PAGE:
I was visiting a client (RandomHouse) yesterday and it struck me that PDF is actually very commonly used inhouse to provide other products and services. Although the end user never sees the PDF files, they are critical to the whole setup.
RandomHouse is one of the world’s most successful book publishers, and their material comes from all sorts of sources – multiple versions of Indesign and Quark, other publishing tools, PDF files, OCR Tiff – the list is potentially endless… Then there is archive material of older books much of which needs to be scanned in. All of these can be turned into PDF files which gives one common internal format.
A single file standard which can cope with all these very different sources of content is essential. This allows all content to flow into a single system and be processed by one workflow. And because it is PDF you get access to the text, its co-ordinates and good quality images of the page. Ideal for building some clever widgets.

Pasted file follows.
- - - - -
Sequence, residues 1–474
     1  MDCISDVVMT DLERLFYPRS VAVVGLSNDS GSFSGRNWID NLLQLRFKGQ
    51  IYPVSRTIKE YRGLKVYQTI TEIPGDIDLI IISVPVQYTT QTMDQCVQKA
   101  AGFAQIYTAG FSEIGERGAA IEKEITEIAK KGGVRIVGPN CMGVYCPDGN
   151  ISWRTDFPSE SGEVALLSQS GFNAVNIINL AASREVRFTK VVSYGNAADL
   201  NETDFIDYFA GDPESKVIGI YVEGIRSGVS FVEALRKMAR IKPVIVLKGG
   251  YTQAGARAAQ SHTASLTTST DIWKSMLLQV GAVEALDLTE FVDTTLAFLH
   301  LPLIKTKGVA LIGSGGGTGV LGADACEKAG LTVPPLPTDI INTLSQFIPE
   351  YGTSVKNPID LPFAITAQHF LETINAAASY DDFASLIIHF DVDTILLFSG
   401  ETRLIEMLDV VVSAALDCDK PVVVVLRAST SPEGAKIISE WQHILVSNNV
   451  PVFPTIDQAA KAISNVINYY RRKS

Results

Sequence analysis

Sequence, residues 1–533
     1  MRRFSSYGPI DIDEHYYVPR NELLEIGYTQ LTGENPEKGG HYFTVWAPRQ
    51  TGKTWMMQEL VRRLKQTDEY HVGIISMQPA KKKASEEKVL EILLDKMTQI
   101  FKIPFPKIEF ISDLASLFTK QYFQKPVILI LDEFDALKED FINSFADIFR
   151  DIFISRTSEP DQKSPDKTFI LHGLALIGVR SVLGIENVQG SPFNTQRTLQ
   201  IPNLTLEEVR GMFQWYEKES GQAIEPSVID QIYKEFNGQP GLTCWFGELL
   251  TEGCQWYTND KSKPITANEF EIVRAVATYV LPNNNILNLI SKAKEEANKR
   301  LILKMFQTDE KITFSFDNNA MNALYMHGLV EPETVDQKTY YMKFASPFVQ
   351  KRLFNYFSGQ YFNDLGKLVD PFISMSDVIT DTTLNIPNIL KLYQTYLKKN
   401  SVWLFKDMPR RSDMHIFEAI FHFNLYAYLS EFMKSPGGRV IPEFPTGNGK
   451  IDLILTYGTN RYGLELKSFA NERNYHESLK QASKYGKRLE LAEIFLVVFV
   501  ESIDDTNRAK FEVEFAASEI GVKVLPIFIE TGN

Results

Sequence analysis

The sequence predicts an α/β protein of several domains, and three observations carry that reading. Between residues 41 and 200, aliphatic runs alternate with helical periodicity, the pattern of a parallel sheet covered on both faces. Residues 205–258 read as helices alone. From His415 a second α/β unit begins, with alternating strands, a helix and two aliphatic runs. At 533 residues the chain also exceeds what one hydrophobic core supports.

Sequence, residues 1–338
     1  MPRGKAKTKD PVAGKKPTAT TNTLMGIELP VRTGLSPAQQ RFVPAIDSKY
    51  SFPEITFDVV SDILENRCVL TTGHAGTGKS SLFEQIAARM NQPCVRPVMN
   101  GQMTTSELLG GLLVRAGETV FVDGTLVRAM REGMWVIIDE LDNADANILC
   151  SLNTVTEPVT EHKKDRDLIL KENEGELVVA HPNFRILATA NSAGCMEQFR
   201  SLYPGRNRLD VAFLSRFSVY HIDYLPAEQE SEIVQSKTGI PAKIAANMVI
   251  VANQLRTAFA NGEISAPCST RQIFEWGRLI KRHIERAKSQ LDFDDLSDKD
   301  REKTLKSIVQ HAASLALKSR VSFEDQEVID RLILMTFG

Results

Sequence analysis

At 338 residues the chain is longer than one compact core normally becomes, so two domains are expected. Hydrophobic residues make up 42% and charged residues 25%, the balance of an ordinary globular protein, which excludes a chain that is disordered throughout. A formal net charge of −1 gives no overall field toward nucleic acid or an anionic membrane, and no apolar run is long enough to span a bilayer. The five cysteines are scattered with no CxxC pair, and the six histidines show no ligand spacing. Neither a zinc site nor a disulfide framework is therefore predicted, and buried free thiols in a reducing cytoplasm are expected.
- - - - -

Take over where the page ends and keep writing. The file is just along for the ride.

They have a nifty little site which not only allows users to purchase books but also to preview and search some of the book contents. I have a kindle, an IPod and a Mac but still like to read material, so I think books will remain, just as radio has not been killed off by TV but remained a distinct format with its own advantages.
So I can appreciate being able to search and dip into books online which I can also then obtain to read. Here is an example where you can click on the book, browse pages and search the text. There is not a PDF file to be seen as a user, but the PDF format is behind the scenes allowing it to all work.
Do you have any examples of ‘hidden uses’ of PDF files?
IDRsolutions develop a Java PDF library, a PDF forms to HTML5 converter, a PDF to HTML5 or SVG converter and a Java Image Library that doubles as an ImageIO replacement. On the blog our team post about anything interesting they learn about.